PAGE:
– Ralph B. Peña (from Tokens? Edited by Alvin Eng)



About the Playwright

“By appropriating our stories and putting them on stage in some way, we validate what we are as Americans. This is who we are and it’s OK to be who we are, we can be who we are in this country and still be part of America. We don’t have to be white. We don’t have to re-invent ourselves to be white. We don’t have to compromise to be Americans. We don’t have to forget that we are Filipinos. We don’t have to hide our cultural uniqueness/eccentricities. We blend in. There’s room for everybody. That’s the point”

– Ralph B. Peña

Ten years after his birth in 1963, Ralph B. Peña moved to the United States, but promptly returned to the Philippines to complete high school. While he was away, the country became immersed in a tumultuous political air as Ferdinand Marcos’ regime consistently over-powered the country. With the declaration of martial law, the Filipino people began to rise against it. Upon his return, Peña began to get involved with the Philippine Educational Theater Association (PETA), and while he trained as an actor at the University of the Philippines, he found himself immersed in the middle of the People’s Revolution. Peña and his classmates took to the streets, protesting against the oppressive Marcos regime. As Peña’s street theatre began to gain notoriety, his father implored him to finish school in the States due to the fear of the dangers for those opposing Marcos. Peña continued to study and practice theatre at the University of California at Los Angeles, and soon found himself in New York in 1991. After a chance run-in with colleagues from the Philippines and bemoaning the lack of work for Asian-American actors, Peña began talks of starting a theatre company again, a theatre that would focus on Filipino theatre. The Ma-Yi Theatre Ensemble was formed, named after what pre-colonial Chinese traders called the Philippines, meaning “Islands of Gold.”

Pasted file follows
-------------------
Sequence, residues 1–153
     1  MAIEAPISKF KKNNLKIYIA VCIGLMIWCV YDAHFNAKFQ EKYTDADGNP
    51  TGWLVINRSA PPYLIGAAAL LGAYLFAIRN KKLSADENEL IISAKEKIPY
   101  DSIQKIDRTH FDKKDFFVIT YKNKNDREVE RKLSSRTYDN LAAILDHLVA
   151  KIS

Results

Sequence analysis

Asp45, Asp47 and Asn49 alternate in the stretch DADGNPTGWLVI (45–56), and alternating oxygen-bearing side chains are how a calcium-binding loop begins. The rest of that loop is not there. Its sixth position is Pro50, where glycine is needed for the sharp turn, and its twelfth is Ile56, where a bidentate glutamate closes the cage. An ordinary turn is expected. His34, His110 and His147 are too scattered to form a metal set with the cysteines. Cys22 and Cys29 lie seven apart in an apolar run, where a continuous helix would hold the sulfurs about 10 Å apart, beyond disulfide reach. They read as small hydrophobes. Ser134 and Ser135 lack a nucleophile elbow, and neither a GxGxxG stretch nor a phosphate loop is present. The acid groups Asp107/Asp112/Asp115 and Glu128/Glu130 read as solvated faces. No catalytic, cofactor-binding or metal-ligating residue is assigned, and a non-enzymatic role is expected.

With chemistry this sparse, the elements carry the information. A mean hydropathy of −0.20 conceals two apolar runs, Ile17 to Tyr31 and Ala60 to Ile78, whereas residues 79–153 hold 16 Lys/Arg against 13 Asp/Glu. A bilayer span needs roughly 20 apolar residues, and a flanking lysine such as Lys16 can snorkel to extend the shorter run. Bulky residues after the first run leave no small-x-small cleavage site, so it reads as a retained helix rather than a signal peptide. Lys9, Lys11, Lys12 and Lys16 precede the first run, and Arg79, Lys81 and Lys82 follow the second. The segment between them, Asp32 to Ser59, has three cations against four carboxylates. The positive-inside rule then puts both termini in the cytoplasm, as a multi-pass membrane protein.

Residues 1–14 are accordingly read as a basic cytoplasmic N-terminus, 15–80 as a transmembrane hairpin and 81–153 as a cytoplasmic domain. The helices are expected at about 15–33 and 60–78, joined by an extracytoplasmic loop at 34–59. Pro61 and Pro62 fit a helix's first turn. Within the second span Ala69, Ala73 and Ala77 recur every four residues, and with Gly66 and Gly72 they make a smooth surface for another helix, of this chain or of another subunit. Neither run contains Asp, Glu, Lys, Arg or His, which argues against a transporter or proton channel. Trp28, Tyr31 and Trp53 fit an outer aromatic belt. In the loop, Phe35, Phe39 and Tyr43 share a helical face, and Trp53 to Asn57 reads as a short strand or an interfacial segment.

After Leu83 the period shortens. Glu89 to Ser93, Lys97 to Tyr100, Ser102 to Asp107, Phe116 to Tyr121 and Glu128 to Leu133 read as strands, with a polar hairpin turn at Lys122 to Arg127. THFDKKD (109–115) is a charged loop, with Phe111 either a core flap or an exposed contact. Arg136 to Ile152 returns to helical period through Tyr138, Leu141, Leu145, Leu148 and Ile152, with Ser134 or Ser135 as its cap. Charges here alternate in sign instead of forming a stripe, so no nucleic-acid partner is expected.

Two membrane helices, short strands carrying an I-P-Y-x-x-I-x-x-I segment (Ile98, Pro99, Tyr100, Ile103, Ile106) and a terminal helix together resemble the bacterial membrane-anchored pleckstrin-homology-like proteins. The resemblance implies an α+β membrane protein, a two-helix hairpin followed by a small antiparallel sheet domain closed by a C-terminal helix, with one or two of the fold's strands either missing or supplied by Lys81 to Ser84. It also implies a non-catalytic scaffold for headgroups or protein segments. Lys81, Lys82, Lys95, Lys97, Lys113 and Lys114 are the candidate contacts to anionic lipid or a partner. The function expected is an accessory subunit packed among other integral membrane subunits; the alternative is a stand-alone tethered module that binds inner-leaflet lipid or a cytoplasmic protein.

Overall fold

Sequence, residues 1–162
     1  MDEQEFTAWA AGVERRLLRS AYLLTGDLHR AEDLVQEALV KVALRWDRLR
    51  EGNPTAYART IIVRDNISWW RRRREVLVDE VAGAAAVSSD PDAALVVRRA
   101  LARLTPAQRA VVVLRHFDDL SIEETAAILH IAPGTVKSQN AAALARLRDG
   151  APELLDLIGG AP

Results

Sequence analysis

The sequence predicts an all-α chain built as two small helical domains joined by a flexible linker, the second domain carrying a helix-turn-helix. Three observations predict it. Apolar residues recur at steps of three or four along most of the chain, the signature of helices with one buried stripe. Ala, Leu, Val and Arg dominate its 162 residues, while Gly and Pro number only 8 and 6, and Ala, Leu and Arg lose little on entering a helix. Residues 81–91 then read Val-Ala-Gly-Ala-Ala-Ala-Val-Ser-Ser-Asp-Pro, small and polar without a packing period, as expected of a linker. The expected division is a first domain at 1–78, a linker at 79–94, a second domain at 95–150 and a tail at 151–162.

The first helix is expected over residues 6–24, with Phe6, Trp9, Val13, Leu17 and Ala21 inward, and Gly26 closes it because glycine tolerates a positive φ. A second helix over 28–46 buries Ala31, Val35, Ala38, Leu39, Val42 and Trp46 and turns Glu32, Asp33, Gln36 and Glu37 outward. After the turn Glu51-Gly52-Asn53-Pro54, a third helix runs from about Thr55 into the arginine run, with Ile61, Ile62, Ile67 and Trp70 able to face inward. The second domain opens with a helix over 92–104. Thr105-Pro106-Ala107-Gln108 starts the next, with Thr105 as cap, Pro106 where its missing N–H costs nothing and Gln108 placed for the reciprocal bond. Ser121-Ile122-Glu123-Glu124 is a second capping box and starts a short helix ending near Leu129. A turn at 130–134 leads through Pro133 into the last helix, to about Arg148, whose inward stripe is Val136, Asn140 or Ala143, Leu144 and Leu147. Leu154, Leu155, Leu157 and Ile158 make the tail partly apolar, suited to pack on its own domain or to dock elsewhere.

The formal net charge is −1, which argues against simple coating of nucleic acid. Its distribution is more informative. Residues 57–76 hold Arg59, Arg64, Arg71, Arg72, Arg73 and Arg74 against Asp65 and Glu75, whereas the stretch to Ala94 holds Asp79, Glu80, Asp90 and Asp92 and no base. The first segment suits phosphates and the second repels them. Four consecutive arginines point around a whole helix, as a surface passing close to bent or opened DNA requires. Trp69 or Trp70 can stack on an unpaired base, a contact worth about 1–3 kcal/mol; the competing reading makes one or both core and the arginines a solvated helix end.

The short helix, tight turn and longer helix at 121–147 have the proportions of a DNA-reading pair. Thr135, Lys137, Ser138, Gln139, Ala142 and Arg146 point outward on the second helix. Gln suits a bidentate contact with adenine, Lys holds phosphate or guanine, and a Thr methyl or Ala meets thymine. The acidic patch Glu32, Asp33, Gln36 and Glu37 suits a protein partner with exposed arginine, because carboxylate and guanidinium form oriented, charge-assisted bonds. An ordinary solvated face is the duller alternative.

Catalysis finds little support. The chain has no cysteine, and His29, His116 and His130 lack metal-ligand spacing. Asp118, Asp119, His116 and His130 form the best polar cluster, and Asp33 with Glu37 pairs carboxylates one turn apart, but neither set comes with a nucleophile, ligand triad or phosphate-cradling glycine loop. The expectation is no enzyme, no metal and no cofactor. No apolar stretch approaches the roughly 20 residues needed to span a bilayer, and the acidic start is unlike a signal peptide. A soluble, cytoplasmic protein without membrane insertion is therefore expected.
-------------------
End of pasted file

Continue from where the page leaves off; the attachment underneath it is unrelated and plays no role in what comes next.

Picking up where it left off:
The company began with familiar material, using translated Filipino plays to present to their New York audience. However, plays dealing with issues from their homeland proved unappealing to Filipino-American audiences, who had difficulty relating. What Ma-Yi needed were plays dealing with issues relatable to Fil-Am audiences. Facing difficulties in finding those plays, Peña’s solution was to write them himself. It was his 1996 work Flipzoids that really propelled the company (and Peña himself) into the forefront of Asian American theatre. The play went on to receive an Obie Award in 1997 for Ms. Ching Valdes-Aran’s portrayal of Aying, travel to Manila to perform for the Cultural Center of the Philippines (CCP), and have performances in various places around the country.

Today, Peña is still the artistic director for Ma-Yi, which has now opened its doors to all Asian-American theatre. Apart from Ma-Yi Theater Company, his work has been seen at Long Wharf Theater, Kumu Kahua, Northwest Asian American Theater, ASIA Theater, San Diego Asian American Rep, La Mama ETC, Philadelphia Shakespeare, Victory Gardens, Laguna Playhouse, Fox Theater, NYSF/Public Theater, the Odeon Theater in Romania, and the Cultural Center of the Philippines. He is a member of the Ma-Yi Writers Lab, and The Ensemble Studio Theater.